“To ensure that these accounts are recycled safely and securely, we’re doing several things. We will have a 30-day period between deactivation and before we recycle these IDs for new users. During this time, we’ll send bounce-back emails alerting senders that the deactivated account no longer exists. We will also unsubscribe these accounts from commercial emails such as newsletters and email alerts, among others. Upon deactivation, we will send notification for these potentially recycled accounts to merchants, e-commerce sites, financial institutions, social networks, email providers and other online properties.”
In July, Yahoo followed up with more details about its security efforts. The company said it would work with businesses to implement a “Require-Recipient-Valid-Since” (RRVS) header. If you submit a Facebook request to reset your password, for example, Facebook would add the RRVS header to the reset email, and the new header would signal to Yahoo to check the age of the account before delivering the mail. If the values don’t match, the email would bounce.
Yahoo’s security measures appeared sound in theory, said Gant Redmon, general counsel and VP with privacy and security company Co3 Systems, but failed in practice.
Yahoo’s idea was problematic from the start, Redmon said. “I can understand why Yahoo would want to do it: It’s a legacy email service that they’re trying to turn around and generate more interest in. But the initiative is troublesome,” he said in an interview. “Email has become a primary identifier because no two people are supposed to have the same email address. When you sign up for it, you think it’s yours for life.”
However, Terry Cutler, chief technology officer at IT security company Digital Locksmith, said he’s surprised that Yahoo’s security measures allowed for such a slip in the examples of Jenkins, Harris and Newman. “Yahoo seems to have done it right,” Cutler said in an interview. “They did the right thing by shutting down accounts for a period of time, which should have helped to clean them up. But something’s clearly not working, and that’s a big problem.”
Though Yahoo’s security measures weren’t effective for everyone, Redmon said the company isn’t liable for the misdirected personal emails. “Businesses are in trouble when they lose personal information they collected and were entrusted with, but that doesn’t fit the Yahoo scenario,” he said. “Yahoo hasn’t lost or disclosed information they shouldn’t have. They’re not responsible for the fact that it was disclosed to a third party — the user is.”
Yahoo performed what Redmon calls a “risk shift”: Yahoo transferred the burden of responsibility to the customer by requesting that the person log in to ensure the account remained active.
In a statement to InformationWeek, Dylan Casey, senior director of platforms at Yahoo, said that the company has received minimal complaints from recycled-account holders. “We take the security and privacy of our users very seriously. We have heard from a very small number of users who have received emails through other third parties which were intended for the previous account holder,” he said. “We are continuing to work with companies to implement the RRVS email header standard that we published to the [Internet Engineering Task Force].”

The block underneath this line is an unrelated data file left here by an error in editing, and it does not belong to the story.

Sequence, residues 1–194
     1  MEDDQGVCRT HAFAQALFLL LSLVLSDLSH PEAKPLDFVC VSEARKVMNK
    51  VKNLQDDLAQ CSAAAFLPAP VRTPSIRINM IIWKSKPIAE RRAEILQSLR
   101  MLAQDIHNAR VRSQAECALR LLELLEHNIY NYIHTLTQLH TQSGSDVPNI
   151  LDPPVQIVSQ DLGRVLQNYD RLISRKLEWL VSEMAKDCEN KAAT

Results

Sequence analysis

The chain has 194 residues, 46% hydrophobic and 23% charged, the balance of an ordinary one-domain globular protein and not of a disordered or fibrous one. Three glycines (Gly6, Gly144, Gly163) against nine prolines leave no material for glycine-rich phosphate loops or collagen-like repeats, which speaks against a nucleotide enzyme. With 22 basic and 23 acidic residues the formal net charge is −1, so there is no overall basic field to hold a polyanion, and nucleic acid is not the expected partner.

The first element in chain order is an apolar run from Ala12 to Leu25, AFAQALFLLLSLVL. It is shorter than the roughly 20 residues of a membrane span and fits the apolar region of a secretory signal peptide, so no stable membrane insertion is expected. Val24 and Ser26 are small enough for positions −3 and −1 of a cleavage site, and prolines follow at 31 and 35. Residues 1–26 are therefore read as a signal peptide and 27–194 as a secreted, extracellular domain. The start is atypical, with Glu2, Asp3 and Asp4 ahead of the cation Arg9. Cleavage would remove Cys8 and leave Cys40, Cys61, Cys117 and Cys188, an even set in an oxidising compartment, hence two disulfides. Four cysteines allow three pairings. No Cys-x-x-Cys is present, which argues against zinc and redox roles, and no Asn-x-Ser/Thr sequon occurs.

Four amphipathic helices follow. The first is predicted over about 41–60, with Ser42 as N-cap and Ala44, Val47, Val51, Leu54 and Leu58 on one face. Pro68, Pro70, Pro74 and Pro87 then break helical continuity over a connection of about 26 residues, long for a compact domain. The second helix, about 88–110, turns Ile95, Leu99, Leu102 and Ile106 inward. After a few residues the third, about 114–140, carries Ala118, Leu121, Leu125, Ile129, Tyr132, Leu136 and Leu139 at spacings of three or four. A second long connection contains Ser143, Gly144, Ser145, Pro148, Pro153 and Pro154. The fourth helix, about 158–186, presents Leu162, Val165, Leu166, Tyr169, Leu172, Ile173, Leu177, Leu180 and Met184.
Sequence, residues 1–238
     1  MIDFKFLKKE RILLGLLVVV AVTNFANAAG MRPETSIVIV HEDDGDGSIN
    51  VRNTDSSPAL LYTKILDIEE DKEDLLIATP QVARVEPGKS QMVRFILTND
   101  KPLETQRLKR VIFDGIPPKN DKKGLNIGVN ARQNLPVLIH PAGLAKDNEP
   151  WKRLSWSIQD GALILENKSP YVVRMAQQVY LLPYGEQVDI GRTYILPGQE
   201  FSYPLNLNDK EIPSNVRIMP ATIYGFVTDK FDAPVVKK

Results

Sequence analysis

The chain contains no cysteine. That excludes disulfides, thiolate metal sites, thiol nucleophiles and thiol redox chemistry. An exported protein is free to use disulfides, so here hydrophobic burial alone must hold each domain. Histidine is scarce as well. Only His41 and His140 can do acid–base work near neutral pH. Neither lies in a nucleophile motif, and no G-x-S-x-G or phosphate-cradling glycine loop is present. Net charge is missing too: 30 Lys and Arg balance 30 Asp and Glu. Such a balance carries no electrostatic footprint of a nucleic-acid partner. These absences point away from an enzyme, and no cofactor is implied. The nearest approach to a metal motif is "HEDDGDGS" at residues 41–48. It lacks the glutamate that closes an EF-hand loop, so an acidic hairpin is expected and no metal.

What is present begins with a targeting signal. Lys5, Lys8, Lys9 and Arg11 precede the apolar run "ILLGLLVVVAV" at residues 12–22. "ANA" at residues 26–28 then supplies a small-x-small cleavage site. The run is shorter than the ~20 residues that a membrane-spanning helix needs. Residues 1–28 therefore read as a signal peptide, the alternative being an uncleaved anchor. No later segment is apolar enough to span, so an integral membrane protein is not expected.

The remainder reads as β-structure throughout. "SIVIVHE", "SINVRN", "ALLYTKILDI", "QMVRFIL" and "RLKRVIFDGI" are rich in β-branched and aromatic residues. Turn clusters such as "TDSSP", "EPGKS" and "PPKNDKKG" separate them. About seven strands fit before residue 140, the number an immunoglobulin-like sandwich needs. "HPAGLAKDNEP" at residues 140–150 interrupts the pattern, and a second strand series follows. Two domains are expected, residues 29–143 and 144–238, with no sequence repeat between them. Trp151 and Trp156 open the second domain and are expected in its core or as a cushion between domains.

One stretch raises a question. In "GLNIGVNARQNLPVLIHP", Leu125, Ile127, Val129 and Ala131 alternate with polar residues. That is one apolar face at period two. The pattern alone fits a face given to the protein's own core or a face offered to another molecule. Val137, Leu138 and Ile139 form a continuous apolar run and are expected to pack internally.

Today, Yahoo charges $1.99 for you to request up to five usernames on Yahoo’s Watch List. Jenkins, who signed up when it was free, said that the hassle of dealing with the misdirected email — which totals between six and 10 messages a day, in addition to the “boatloads” of junk email — hasn’t been worth it. He’s considering shutting down his account.
Harris, whose two Yahoo accounts were merged into one, said it took four phone calls and about four hours with Yahoo customer service to separate the two accounts and close the recycled one. “They were really helpful considering it’s a free service, but they had a lot of trouble figuring out how to do it.”
Newman said he’s actively filtering the former account holder’s email with hopes that the volume will eventually decrease. “I’m using the new account mostly for unimportant email because I’d probably go crazy trying to figure out what email is supposed to be mine and theirs,” he said. “It’s kind of disappointing because it’s a great username to have, but I don’t want to work this hard for it. Plus, getting someone else’s mail just feels gross.”
Those peeks into other people’s personal lives leave Newman and Jenkins uneasy about Yahoo’s continuation with recycled accounts, and concerned for others whose accounts may have closed.
“The most distressing part for me is that because I’m a Web developer, I know how easy it could be to reset all their passwords. It’s scary to think about the damage I could do,” Newman said. “Just yesterday I got an email confirmation for an apartment application. I could have canceled someone’s apartment.”
Jenkins said the opportunities for hackers are his biggest concern. “In some ways, the former user should be lucky that I’m getting this email because I would never do anything bad with it. But this whole situation made me nervous about my other email addresses. What happens when I stop using them?”